Commerzbank: Germany’s Number Two Doubles Down on Digital

Tobias Kruse

In June, Michael Mandel, CEO of Commerzbank’s retail banking business, announced the bank’s intent to become a multi-channel bank. Its in-house design thinking agency Neugelb is to turn Commerzbank into a fintech.

Commerzbank wants to reinvent itself entirely. In a workshop discussion in June, retail banking CEO Michael Mandel said that the bank is moving towards becoming a multi-channel bank: “Multi-channel enables more customers, more sales, more revenue, lower costs and higher profitability,” he said.

For Germany’s second largest bank this means that branches, online and mobile banking as well as customer service need to be interlocked. The customer need to be able to switch seamlessly from mobile offerings to receiving advice in a branch and then purchase financial products in an entirely different branch. Just as the retail industry lets customers order something seamlessly online and then pick up the goods in a store. The bank has done successful pilots in flagship stores and will officially begin to roll out initiatives to better interlock and redesign experiences in Q4. “It’s crucial that in the end the entire business will be digitized,” Mandel said.

The bank is investing EUR 200 million into digitizing its retail banking business.

 For technical implementation, Commerzbank will rely on its own design thinking agency instead of external providers. Neugelb’s team of twelve, a 100-percent subsidiary of the bank located in Berlin and Frankfurt, will work on the user interface and help develop products for customers. It’s all about speed and creativity: the fintech competition is speeding the development. “Commerzbank has recognized that banks need to get closer to the customer again,” says Tobias Kruse, business design director at Fjord, Accenture’s innovation consultancy. “Even more than others, financial services companies are running the risk to develop products and services that don’t meet actual customer needs.” However, this is to end now.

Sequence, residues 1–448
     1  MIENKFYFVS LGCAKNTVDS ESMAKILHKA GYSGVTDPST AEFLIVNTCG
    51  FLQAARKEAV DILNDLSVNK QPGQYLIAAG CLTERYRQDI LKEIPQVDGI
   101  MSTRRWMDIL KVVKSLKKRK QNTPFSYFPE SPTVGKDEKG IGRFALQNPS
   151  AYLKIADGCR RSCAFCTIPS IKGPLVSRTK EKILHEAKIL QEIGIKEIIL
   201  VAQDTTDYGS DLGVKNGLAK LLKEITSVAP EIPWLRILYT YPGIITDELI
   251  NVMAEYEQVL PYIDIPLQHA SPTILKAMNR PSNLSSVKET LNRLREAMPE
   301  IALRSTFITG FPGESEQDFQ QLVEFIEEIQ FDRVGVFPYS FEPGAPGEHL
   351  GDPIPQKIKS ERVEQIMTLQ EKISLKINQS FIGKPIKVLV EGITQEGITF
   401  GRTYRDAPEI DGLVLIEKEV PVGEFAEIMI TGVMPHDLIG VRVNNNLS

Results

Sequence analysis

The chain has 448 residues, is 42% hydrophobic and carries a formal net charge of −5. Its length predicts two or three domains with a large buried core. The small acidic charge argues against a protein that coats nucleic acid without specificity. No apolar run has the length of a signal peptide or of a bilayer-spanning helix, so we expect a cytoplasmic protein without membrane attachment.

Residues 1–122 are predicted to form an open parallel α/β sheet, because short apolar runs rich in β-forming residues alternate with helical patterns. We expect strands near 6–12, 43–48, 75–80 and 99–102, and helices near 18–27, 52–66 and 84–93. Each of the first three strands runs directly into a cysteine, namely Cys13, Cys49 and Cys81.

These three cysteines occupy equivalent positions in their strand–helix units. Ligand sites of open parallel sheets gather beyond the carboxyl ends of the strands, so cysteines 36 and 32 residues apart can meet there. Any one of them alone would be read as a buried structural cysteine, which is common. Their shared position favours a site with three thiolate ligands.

Neugelb’s future tasks include the introduction of new ideas on a monthly basis, such as banking apps that allow ten-second transfers and the opening of an account in no time without the need to visit a branch in person. According to its managing director manager Holger Grünwald, current main projects of Neugelb include cross-channel banking platforms which will help strengthen the brand. “The advantage of being a 100-percent subsidiary is our deep understanding of the banking expertise required of an agency.”

Previously, the bank used to purchase user interfaces and the like from a dozen providers. But this approach no longer meets the bank’s digital strategy. Building a proprietary agency to take on these jobs came natural. “We work closely with our Commerzbank colleagues and try to bring all the professional teams together on a regular basis to break down the silo mentality,” he says. He also said that it’s important to keep these meetings from getting too large as it’s difficult to come to a decision with more than ten people sitting at the table. As a basic rule, Neugelb does not develop products that aren’t supported by Commerzbank employees just because the management has put out the order to digitize. This would be the wrong approach, Kruse states. “Forcing people to do something doesn’t lead to sustainable and long-term change. People have to want to do it.” In the case of Neugelb, this is working really well, according to Grünwald.

Which does not mean that there haven’t been any reservations against the bank’s own start-up, Grünwald admits. To counter these reservations, Neugelb demonstrated the benefits of design thinking to the employees with concrete examples: “Whenever somebody had an issue with a certain a workflow or something similar, we presented a very specific solutions for it.” It simply doesn’t pay off to just preach miracles. “In large companies, employees have seen a lot of methods come and go, so you have to convince them,” says Grünwald.

Kruse agrees: “Employees need to experience that design thinking isn’t just a theory. This is why we show them what we do in a tangible way, so that employees can experience it and then believe in the success.” By 2020, this success is supposed to be visible and noticeable not just to employees but to the customers. An ambitious schedule, according to Mandel. And Neugelb? The agency wants to grow from 12 to perhaps 50 employees over the next three to four years. “We have very few external clients yet, but we are open to many things,” says CEO Grünwald. “I’d be pleased if we got a request from an automotive company. That would be a sign that we have done it right.”

Read the full article at Wirtschaft Woche

The work was also featured in Horizont (print edition). 

Tobias Kruse

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